# Creating a mxn matrix that is all zeros except for the middle row and middle column which are 1s

46 views (last 30 days)

Show older comments

Hi,

Given an 7x5 matrix, i am to return a mxn matrix M that is all zeros except for the middle row and middle column, which should be all 1s.

I have gotten as far as creating a zeros matrix using the code M=zeros(7,5), but am clueless on how to change the middle row and middle column to 1s.

I should also mention that the code should be a one-liner.

Thank you

##### 0 Comments

### Accepted Answer

Wan Ji
on 28 Aug 2021

Edited: Wan Ji
on 28 Aug 2021

M = [0,0,0,1,0,0,0; 0,0,0,1,0,0,0; 1,1,1,1,1,1,1; 0,0,0,1,0,0,0; 0,0,0,1,0,0,0];

Once for all

Or you can do

a = zeros(5,7);

a((1:numel(a))>size(a,1)*(size(a,2)-1)/2&1:numel(a)<=size(a,1)*(size(a,2)+1)/2|mod(1:numel(a),size(a,1))==(size(a,1)+1)/2) = 1

The result is

a =

0 0 0 1 0 0 0

0 0 0 1 0 0 0

1 1 1 1 1 1 1

0 0 0 1 0 0 0

0 0 0 1 0 0 0

We can extend it to any matrix with both odd columns and rows.

a = zeros(9,11);

a((1:numel(a))>size(a,1)*(size(a,2)-1)/2&1:numel(a)<=size(a,1)*(size(a,2)+1)/2|mod(1:numel(a),size(a,1))==(size(a,1)+1)/2) = 1

Then a becomes

a =

0 0 0 0 0 1 0 0 0 0 0

0 0 0 0 0 1 0 0 0 0 0

0 0 0 0 0 1 0 0 0 0 0

0 0 0 0 0 1 0 0 0 0 0

1 1 1 1 1 1 1 1 1 1 1

0 0 0 0 0 1 0 0 0 0 0

0 0 0 0 0 1 0 0 0 0 0

0 0 0 0 0 1 0 0 0 0 0

0 0 0 0 0 1 0 0 0 0 0

##### 0 Comments

### More Answers (3)

Awais Saeed
on 28 Aug 2021

M = zeros(7,5)

M(:,ceil(size(M,2)/2)) = 1

M(ceil(size(M,1)/2),:) = 1

##### 4 Comments

Awais Saeed
on 28 Aug 2021

John D'Errico
on 29 Mar 2023

Edited: John D'Errico
on 31 Mar 2023

Clearly a homework assignment. But now long since past, and with multiple answers, most of which are not in one line. However, simple enough to do, in one line in at least one way. Here is my first try:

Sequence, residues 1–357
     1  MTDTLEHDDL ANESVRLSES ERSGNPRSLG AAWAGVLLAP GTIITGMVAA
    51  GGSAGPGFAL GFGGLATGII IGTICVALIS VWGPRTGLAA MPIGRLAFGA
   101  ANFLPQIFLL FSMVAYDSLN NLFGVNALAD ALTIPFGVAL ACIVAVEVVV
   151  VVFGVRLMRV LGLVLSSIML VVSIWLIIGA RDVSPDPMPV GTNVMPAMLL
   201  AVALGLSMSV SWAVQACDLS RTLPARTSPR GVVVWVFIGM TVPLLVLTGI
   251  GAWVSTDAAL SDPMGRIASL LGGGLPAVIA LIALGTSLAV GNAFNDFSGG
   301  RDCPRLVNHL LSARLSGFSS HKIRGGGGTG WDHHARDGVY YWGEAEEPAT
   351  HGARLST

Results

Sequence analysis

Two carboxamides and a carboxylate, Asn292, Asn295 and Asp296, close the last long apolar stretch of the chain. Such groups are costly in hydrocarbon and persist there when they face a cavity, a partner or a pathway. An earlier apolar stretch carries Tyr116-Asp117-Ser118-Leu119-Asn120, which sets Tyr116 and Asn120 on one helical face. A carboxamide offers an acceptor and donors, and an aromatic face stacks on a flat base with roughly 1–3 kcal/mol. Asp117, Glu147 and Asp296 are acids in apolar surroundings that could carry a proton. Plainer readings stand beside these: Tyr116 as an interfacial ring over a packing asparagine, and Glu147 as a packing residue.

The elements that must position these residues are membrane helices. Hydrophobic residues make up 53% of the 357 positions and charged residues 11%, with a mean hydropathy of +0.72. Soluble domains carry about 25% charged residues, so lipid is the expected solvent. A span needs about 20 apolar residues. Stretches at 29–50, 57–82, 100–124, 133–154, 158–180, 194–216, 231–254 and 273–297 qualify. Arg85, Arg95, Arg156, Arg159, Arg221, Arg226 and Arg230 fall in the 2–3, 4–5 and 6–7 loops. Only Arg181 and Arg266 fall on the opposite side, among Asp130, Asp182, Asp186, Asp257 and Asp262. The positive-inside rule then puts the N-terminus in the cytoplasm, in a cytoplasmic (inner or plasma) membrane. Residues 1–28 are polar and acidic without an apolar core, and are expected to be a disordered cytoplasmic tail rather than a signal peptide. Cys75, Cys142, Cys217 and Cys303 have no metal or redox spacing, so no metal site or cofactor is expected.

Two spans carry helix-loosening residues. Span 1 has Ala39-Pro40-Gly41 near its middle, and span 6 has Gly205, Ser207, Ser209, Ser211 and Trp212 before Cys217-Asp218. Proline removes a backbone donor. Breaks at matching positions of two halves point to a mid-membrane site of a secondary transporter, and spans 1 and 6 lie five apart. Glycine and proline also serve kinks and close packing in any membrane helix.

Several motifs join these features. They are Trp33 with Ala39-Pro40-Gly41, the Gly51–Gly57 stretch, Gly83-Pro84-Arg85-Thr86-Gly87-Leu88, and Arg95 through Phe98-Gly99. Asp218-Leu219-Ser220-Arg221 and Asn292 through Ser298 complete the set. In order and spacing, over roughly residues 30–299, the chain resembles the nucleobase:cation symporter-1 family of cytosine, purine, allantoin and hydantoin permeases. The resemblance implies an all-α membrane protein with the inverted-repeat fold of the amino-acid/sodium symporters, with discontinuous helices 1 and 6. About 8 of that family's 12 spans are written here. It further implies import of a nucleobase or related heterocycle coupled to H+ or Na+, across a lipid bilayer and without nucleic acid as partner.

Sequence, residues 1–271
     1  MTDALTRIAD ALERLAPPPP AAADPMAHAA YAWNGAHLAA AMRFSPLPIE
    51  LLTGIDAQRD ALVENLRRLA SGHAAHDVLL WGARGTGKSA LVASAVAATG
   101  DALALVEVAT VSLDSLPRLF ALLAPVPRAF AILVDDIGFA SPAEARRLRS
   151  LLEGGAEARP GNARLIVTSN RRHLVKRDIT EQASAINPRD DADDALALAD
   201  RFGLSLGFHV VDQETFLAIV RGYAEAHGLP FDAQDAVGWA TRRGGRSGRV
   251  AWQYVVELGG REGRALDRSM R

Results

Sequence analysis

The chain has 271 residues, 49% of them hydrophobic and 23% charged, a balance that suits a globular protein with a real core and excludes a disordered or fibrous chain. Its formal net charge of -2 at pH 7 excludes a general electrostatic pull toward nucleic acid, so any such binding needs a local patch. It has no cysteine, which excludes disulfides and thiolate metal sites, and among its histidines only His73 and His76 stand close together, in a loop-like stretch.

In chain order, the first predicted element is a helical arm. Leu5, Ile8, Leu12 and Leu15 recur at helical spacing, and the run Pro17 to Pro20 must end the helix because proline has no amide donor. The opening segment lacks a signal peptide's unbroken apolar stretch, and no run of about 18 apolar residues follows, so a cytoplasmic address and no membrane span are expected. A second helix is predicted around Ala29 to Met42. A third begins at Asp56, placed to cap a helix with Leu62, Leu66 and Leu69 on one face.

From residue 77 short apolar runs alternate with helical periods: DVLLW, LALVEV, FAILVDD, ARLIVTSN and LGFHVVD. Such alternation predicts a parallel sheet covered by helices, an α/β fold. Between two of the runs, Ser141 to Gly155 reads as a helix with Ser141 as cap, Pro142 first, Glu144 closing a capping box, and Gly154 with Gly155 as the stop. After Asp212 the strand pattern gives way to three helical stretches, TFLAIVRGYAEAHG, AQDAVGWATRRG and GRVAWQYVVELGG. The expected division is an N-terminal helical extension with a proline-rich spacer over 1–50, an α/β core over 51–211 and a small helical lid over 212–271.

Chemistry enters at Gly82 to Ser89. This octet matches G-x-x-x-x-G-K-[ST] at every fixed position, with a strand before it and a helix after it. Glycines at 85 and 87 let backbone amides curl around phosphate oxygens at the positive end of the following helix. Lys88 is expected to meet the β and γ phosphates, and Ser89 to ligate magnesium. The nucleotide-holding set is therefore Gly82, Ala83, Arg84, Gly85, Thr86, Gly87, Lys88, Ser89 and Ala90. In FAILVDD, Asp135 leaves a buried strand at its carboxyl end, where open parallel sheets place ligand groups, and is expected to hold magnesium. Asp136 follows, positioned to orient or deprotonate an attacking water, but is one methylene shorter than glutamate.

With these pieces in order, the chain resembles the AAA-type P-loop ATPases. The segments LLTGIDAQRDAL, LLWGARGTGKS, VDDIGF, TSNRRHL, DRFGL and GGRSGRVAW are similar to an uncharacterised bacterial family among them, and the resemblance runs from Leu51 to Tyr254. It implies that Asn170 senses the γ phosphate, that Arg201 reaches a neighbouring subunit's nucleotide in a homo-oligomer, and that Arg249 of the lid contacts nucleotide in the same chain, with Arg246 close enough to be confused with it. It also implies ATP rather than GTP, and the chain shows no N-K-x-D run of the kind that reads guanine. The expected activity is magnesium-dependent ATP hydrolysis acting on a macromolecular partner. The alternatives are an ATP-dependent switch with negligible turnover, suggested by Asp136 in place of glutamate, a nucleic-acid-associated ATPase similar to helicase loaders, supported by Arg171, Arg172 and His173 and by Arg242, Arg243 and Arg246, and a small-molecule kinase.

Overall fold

A1 = (1:7)' == 4 | (1:5) == 3

Short. Sweet. Simple enough. I'm not sure I can beat that. It is logical, so if you needed it to be composed of doubles, that too is not difficult. Just use a unary plus. It forces me to add a parens though.

A2 = +((1:7)' == 4 | (1:5) == 3)

This next one uses a slight tweak on the diagonal, else there would be a 2 at the center element.

A3 = ((1:7)' == 4) + ((1:5) == 3) - ((1:7)' == 4) * ((1:5) == 3)

I'd bet I could do it in other ways too. How about this cute one?

A4 = dec2bin([4 4 4 31 4 4 4]) - '0'

This next one seems kind of silly, as you would never want to use it for a larger problem. But it works.

A5 = blkdiag(1,1,1,flip(eye(4)))*[zeros(6,4),ones(6,1);ones(1,5)]*blkdiag(1,1,flip(eye(3)))

I'm sure there are other ways too. Personally, I prefer A1 and A4. The point is, as you learn to use MATLAB, you can learn different ways to manipulate the elements of arrays. But as you look for other ways to solve the problem, it forces you to learn about other functions you may never have seen in that context.

##### 0 Comments

### See Also

### Categories

### Community Treasure Hunt

Find the treasures in MATLAB Central and discover how the community can help you!

Start Hunting!